Even though the cases above took place in the United States, sooner or later European Courts will have to deal with similar issues because millennials worldwide love a few dots of ink on their body. Some interesting questions of law arise: For example, what is the extent of requests that a cease-and-desist claim could contain? Could the copyright holder of a work of tattoo art demand someone who has that tattoo cover it in every photo of himself that he posts to Instagram? Courts should be prepared to have answers to those kinds of questions.

 

This article was originally published on AllAboutIP – Mayer Brown’s  blog on relevant developments in the fields of intellectual property and unfair competition law. For intellectual property-themed videos, Mayer Brown has launched a dedicated channel available here.

Stage costume and Halloween bowl with trick or treat candiesWhen cobwebs and tombstones start to show up in your neighborhood, probably something wicked is coming your way—except that one night of the year, on Halloween. Even though Halloween involves frightening things—haunted houses, the undead, tricks in response to no treats—it is ultimately about carefree fun. And there’s candy! But if you are in a Halloween-related business, there is a genuinely scary side to the holiday—IP issues that, if ignored, could lead to a wicked lawsuit.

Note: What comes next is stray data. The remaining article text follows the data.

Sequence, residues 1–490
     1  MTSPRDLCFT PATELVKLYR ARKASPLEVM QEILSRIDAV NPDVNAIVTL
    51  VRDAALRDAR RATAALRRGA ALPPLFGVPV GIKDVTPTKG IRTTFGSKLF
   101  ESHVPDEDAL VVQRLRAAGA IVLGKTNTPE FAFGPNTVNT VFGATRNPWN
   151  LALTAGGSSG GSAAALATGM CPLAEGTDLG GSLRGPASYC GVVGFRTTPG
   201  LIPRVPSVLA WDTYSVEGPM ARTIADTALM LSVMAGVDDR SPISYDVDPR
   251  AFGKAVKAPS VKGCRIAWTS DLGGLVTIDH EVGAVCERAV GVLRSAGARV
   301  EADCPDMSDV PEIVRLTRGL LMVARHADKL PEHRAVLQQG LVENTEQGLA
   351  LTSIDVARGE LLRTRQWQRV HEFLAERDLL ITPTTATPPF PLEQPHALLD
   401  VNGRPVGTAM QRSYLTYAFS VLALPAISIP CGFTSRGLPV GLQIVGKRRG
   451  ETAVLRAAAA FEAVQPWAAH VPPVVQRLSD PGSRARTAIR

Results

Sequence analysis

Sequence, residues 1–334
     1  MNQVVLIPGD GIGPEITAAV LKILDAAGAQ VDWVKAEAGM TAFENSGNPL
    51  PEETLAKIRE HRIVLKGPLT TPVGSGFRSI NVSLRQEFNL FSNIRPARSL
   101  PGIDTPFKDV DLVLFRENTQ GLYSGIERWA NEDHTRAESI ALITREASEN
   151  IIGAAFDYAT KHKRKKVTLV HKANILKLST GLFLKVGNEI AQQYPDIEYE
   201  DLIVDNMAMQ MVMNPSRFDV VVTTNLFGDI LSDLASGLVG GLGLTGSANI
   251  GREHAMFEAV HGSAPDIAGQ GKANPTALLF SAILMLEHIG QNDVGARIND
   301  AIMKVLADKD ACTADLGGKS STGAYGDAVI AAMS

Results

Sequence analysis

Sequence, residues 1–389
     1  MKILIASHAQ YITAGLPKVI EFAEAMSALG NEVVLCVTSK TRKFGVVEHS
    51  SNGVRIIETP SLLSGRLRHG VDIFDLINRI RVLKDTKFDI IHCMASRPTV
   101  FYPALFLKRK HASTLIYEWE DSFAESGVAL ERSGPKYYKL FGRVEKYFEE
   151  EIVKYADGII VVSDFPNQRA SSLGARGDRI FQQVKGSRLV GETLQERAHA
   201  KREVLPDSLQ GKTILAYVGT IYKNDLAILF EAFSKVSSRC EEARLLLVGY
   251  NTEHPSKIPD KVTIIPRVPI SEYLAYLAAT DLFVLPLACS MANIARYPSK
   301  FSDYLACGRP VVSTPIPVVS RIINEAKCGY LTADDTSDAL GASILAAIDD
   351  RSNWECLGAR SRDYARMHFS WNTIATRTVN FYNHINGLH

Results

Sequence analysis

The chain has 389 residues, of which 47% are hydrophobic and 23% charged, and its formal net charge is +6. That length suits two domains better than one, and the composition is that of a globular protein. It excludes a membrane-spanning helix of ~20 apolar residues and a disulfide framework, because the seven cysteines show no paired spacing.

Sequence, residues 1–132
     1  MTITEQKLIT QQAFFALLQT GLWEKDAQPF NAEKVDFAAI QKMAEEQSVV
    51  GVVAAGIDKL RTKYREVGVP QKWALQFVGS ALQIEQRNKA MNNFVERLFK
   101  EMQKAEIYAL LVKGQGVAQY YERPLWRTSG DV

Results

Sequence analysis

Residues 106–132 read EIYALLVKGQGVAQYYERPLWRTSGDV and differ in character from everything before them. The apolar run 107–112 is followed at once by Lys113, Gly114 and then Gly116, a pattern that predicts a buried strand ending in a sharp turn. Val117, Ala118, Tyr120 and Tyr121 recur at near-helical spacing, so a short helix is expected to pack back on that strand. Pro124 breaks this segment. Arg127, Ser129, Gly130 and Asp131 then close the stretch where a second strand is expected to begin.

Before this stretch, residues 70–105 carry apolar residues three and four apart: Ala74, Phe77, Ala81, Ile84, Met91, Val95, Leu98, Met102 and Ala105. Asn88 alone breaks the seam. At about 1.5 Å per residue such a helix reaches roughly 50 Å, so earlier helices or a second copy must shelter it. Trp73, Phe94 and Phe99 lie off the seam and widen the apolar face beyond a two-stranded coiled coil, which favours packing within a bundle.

For example, in 2005, in the case Chosun International, Inc. v. Chrisha Creations, Ltd., the US Court of Appeals for the Second Circuit declared that elements of a (not very scary) Halloween costume could be copyrightable. Under the US Copyright Act, protection does not, in principle, extend to utilitarian or functional elements of the artist’s original work and, therefore, does not extend to elements that enhance a costume’s functionality qua clothing. However, in the case of Chosun’s plush sculpted animal costumes, the court held that certain elements might be separable from the overall design of the costume, and hence eligible for copyright protection. For example, Chosun might be able to show that the sculpted “heads” and “hands” of its costume design are physically separable from the overall costume in that they could be removed from the costume “without adversely impacting the wearer’s ability to cover his or her body.”